are bitter about it, a bitterness fed by the criticism of some historians.
Hugh Cole, author of the official US Army history of the German Ardennes
Offensive states clearly what those critics ignored.
The story of the 106th Infantry Division is tragic. It is also
highly controversial. Since the major part of the division was eliminated
from combined operations with other American forces on the second day of
the German counteroffensive, information from contemporary records is
scanty, and, as to particulars, often completely lacking. The historian,
as a result, must tread warily through the maze of recrimination and
highly personalized recollection which surrounds this story.
I agree with Dick Peterson in his conclusion that the 422nd and 423rd
Infantry Regiments could not unaided fight their way out of the German
trap. They tried and failed.
I do not agree with him that the planned but never launched counterattack
to relieve the trapped regiments was "unilaterally cancelled" by
Brigadier General Bruce Clarke. Clarke commanded CCB, the 7th Armored
Division unit which would have made the counterattack. Who cancelled it
and why? The answers are not clear, but I doubt it was called off without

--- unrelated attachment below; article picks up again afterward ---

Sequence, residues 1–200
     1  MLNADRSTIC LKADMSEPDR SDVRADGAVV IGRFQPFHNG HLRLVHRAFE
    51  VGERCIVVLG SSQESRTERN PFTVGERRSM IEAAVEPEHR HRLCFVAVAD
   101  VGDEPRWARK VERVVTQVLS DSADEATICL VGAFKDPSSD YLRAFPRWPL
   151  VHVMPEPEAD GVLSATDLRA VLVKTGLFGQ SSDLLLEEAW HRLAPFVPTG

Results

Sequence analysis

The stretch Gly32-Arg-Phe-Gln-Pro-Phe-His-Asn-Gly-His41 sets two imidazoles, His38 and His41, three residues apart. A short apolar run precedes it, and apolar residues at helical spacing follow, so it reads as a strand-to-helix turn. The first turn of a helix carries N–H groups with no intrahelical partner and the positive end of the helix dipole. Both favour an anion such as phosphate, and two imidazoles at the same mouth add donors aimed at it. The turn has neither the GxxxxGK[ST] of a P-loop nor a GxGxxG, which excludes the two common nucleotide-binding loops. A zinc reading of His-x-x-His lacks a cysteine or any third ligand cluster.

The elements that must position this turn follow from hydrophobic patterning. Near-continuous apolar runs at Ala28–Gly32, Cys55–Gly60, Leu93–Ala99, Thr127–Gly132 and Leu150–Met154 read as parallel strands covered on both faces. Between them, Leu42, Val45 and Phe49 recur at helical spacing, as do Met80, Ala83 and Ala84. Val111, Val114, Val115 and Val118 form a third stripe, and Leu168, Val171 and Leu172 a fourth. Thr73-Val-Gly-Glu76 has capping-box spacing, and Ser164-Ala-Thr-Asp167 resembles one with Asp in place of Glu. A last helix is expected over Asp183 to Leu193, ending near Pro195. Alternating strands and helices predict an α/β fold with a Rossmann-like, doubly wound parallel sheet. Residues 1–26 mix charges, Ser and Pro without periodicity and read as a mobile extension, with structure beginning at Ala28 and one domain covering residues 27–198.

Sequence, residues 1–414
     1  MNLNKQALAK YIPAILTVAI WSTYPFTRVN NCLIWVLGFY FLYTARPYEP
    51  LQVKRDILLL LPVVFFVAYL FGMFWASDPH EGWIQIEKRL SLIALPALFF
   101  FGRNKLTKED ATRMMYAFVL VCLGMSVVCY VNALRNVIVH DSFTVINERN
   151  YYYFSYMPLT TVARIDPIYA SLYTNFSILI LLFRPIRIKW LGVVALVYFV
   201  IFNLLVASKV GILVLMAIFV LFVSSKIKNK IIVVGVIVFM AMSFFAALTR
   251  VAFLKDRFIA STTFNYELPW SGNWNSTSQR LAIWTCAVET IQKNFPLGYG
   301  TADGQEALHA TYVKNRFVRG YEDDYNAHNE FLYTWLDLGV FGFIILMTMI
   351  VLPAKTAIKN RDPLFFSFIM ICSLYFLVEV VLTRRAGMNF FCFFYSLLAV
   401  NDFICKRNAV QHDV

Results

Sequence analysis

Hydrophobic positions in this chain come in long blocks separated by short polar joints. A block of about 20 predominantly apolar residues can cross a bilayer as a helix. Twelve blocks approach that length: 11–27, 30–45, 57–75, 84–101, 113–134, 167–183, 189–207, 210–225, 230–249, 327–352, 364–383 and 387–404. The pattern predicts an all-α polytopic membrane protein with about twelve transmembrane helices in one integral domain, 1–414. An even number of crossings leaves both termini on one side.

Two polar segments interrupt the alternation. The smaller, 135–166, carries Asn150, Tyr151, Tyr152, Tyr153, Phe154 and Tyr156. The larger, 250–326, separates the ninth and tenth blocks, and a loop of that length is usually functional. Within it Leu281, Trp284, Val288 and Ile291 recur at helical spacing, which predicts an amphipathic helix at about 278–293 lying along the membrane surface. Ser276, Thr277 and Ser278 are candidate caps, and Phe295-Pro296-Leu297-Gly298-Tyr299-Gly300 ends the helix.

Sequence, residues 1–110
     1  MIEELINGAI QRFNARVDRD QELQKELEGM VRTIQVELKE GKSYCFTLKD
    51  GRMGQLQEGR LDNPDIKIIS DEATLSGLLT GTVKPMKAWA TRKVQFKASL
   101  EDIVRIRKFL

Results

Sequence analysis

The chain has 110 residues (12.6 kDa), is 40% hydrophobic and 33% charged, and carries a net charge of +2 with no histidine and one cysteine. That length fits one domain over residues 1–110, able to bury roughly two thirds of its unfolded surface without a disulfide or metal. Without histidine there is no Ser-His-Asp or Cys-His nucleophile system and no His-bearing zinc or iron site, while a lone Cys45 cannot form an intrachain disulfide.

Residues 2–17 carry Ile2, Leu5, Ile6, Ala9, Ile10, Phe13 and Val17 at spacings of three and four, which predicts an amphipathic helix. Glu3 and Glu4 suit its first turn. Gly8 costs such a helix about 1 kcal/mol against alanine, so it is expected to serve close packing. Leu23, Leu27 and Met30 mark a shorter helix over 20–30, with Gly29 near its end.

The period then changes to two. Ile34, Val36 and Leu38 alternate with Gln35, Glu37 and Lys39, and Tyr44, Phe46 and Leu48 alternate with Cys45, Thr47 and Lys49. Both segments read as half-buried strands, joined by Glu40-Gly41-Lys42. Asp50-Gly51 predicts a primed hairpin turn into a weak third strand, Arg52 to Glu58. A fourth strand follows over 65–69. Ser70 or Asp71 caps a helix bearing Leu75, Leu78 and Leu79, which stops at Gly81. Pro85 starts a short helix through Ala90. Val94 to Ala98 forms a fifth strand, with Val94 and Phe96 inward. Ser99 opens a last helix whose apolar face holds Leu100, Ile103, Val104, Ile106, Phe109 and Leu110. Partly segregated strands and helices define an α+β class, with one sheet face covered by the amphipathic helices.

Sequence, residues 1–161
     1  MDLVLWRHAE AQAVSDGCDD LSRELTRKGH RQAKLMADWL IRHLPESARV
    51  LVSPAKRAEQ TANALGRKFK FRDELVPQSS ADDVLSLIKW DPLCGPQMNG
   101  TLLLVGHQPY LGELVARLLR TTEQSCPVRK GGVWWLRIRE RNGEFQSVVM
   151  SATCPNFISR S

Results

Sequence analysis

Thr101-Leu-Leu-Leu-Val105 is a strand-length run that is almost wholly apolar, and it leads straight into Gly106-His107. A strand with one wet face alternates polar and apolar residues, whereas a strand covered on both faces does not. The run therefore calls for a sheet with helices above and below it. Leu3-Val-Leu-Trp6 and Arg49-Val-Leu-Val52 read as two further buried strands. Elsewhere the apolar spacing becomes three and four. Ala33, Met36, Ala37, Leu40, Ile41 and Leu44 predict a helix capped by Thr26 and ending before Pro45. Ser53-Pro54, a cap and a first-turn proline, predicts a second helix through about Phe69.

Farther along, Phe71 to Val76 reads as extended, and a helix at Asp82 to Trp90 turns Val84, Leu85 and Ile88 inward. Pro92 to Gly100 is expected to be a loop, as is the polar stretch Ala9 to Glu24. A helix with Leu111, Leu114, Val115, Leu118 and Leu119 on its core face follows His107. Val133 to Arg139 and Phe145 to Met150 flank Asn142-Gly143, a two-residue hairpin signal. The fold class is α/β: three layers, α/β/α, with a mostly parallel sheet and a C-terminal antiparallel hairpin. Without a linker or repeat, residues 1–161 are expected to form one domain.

discussion with the Commanding General, 7th Armored Division, who was
present in Saint Vith. I think they concluded it should not be attempted
and overruled the commander of the 106th Division who so desperately
Why would they do such a thing? I think they simply made a cold, hard
decision; hard to make and even harder for any survivor of the 106th to
accept. They knew the Germans had by-passed Saint Vith on the north and
south; the other two combat commands of their division were fighting them.
Maybe a counterattack would succeed, but if it failed and the attackers
were trapped or seriously hurt, Saint Vith could not long be held.
I am sure they could not know what the five days Saint Vith was stubbornly
defended did to the German attack. They only knew every day it was held
was priceless. Later historians put a price on it. They say that thumb
stuck in the Germans' throat bought precious time to build the epic
defense of Bastogne and a northern shoulder of British and American troops
to lock the attacker in the gap he tore in American lines.
Cold comfort for the men sacrificed to win those five days. Dick Peterson
makes very clear just how hard it is for the men of the 422nd and 423rd US
Infantry Regiments to accept it.
He has written a good book. He has, as I said before, gone far beyond the
simple story of the fate of prisoners of war. He has taken that plight
apart and displayed its pieces in a remarkable way, valuable to any man
who has been a POW, even more valuable to family and friends sometimes
baffled by his lasting troubles.
Oliver B. Patton
Brigadier General, US Army, Retire